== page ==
...his story the main message that life is short and he succeeded by using point of view, setting and symbolism. “The Swimmer” can teach many readers not to waste valuable time like Neddy did when drinking, caring about insincere relationships among social status, and taking his family for granted. Cheever’s usage of literary elements not only displays the theme of “The Swimmer”, but also organizes passages of events for the reader to experience throughout the story. John Cheever once said, “The need to write comes from the need to make sense of one's life and discover one's usefulness” (Good Reads). He perfectly illustrates this objective in “The Swimmer.”
John Cheever uniquely crafted the story “The Swimmer” by using a mix of surrealism and realism throughout the story. Most people when they read “The Swimmer” they have to reevaluate it to comprehend what is happening. The reason for that is because Cheever shifts between surrealism and realism so much that the reader does not even notice. The story starts out with Neddy being so strong and youthful, but as the story goes on he weakens and ages. When he was youthful Neddy decided to swim every pool in his neighborhood. As he ages and weakens, the pools get harder to swim and the seasons pass without him even noticing.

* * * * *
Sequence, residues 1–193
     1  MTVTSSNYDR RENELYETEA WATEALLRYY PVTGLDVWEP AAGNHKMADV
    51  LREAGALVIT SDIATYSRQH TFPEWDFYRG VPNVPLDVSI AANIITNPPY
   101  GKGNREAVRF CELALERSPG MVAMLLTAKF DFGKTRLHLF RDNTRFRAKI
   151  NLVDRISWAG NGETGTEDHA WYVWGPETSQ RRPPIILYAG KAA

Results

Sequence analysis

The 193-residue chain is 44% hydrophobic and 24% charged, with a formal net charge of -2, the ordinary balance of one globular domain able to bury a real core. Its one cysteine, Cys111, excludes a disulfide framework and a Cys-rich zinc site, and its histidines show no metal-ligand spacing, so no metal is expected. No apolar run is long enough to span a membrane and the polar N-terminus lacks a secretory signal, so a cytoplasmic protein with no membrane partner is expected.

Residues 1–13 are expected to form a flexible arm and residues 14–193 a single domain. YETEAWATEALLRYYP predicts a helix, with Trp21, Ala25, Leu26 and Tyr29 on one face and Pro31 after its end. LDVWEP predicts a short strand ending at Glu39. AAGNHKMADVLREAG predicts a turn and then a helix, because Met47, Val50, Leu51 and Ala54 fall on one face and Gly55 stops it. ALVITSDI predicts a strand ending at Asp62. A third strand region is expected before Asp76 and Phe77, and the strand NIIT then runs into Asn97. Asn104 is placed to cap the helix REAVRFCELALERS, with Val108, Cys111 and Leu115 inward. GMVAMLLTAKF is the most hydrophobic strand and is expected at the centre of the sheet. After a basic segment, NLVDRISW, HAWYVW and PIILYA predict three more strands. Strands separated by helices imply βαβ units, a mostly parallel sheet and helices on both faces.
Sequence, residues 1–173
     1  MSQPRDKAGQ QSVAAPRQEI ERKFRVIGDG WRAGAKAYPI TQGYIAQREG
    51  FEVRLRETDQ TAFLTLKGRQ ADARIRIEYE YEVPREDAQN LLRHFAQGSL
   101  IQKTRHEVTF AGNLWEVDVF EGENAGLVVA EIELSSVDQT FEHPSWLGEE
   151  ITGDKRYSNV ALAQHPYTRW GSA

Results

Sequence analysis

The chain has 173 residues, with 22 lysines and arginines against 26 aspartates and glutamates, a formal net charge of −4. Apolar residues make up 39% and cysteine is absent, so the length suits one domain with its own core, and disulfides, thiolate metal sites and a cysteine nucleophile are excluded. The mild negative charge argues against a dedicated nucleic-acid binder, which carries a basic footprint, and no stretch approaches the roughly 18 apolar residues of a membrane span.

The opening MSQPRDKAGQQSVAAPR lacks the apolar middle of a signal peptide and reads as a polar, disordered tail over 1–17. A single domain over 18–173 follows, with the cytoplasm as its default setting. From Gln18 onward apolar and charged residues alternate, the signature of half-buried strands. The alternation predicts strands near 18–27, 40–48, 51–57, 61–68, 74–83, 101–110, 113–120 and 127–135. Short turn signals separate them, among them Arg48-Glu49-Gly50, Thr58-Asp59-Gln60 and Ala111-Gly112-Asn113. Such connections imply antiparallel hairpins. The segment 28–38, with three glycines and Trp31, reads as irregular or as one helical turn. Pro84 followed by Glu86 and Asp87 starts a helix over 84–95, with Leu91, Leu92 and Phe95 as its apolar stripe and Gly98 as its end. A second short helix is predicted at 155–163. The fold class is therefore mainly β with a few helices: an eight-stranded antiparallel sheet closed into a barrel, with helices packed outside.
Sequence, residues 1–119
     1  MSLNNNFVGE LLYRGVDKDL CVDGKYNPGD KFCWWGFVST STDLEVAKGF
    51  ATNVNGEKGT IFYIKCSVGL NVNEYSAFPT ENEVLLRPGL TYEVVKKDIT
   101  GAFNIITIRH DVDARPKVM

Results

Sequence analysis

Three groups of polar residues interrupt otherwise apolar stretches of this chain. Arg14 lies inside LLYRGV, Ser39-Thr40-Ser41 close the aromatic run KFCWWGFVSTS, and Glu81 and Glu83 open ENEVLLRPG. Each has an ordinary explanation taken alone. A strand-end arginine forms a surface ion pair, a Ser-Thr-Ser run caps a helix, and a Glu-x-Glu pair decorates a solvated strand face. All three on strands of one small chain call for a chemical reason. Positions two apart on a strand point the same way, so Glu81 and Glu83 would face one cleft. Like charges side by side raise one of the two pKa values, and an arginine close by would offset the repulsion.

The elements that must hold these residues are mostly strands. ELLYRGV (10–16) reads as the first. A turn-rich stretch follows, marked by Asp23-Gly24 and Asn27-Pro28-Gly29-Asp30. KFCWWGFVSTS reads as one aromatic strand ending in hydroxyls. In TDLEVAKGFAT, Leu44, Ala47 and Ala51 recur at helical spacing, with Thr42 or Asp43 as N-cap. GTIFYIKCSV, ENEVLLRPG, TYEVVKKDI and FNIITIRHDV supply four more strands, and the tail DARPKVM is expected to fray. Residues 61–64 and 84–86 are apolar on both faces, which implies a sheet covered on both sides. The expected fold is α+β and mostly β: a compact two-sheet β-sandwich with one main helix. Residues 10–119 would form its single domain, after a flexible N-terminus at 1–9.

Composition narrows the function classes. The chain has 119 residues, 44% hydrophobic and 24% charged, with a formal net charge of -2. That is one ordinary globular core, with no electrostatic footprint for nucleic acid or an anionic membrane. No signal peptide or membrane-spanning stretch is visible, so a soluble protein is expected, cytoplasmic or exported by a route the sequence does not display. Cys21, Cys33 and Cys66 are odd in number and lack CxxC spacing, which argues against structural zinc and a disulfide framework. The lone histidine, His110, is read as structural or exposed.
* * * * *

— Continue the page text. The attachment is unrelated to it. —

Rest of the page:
The Golden Age of Comics was perhaps the greatest era in comic book history. Many people loved the comics during this time period because they were all stories about good triumphing over evil. Many of these stories reflected over historical events over the time period. “Pro-American characters were popular due to the time period occuring mostly during World War II.” (PBS)